"Wife" imitates life

The Good Wife debuted in 2009, shortly after the real-life resignation of New York Governor Eliot Spitzer. Like Spitzer, the CBS series' errant politician Peter Florrick is discovered hiring hookers. District Attorney Florrick goes to jail, not for the sex but on corruption charges, and the show – as its name implies – revolves around how wife Alicia and their two children cope with the crisis. Creators Michelle and Robert King, husband and wife, say they drew inspiration from imagining the life of Silda Wall Spitzer after her husband's downfall. Like Alicia, Silda had given up work as an Ivy League-educated lawyer earlier in the marriage to raise her two children.

As Alicia sells their beautiful suburban home, downsizes to an urban apartment and begins work at a law firm, her reasons for staying married to Peter unfold. First, there's his assumption that once he beats the corruption charges, their life will go "back to normal." His mother, who's now helping the family care for their young teens, tells Alicia, "he's hurting, and he needs you to forgive him." And, naturally, the children want their father to return and their family to be reunited. When Peter finally leaves jail and decides to run again for office, his sharp political adviser tells Alicia he has no chance of winning without her Good Housekeeping stamp of approval. In other words, she can choose to stand by him or deny him his redemption.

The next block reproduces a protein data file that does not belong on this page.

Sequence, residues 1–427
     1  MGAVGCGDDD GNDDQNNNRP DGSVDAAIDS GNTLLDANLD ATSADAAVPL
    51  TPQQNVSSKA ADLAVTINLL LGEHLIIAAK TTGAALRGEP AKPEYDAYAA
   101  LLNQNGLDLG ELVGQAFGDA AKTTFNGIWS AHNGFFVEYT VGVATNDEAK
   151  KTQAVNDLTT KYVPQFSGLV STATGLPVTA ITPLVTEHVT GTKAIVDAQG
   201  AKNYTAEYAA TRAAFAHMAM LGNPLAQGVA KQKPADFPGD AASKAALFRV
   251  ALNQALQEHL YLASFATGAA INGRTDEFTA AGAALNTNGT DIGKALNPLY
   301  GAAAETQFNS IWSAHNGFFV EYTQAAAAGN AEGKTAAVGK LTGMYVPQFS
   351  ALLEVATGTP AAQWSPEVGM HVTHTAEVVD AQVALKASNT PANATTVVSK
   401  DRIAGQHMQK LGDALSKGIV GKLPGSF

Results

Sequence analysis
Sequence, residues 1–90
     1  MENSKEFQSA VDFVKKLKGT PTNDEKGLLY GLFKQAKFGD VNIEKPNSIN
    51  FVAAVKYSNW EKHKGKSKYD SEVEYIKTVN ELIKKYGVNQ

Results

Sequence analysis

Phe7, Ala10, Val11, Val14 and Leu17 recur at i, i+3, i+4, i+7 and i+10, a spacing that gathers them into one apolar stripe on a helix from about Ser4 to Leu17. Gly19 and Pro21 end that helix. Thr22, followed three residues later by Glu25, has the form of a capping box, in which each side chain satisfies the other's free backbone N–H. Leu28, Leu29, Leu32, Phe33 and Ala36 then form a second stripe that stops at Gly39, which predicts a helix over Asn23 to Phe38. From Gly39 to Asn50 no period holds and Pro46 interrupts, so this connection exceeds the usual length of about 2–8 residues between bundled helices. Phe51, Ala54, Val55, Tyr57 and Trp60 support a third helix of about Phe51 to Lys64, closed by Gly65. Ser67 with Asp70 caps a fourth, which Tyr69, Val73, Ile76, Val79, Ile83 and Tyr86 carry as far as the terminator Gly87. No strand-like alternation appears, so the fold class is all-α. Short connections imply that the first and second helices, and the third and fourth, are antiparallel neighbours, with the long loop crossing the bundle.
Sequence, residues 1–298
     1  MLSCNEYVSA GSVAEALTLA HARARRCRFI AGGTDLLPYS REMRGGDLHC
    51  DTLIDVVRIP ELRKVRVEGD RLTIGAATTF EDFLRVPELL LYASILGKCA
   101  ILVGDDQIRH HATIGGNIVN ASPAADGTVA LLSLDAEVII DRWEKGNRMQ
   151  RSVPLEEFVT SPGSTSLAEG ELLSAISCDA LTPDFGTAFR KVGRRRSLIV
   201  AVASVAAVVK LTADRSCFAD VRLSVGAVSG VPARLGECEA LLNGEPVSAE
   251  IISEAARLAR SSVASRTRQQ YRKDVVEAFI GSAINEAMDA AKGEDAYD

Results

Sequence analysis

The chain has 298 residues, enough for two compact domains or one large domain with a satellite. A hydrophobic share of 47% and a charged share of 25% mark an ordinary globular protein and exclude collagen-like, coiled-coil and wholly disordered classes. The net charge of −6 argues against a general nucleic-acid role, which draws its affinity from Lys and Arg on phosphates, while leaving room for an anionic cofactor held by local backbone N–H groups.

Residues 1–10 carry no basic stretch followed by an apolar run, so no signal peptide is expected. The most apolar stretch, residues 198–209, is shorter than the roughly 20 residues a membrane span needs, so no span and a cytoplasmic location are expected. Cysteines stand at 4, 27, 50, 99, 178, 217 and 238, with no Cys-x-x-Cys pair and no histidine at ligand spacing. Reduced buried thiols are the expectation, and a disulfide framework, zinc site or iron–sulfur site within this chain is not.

As the writers of this show would have it, Alicia/Silda acts out of concern for everyone around her. The insights about her feelings for her husband are rare – at one point, she suggests separate bedrooms, telling Peter she still loves him but that she's been deeply hurt.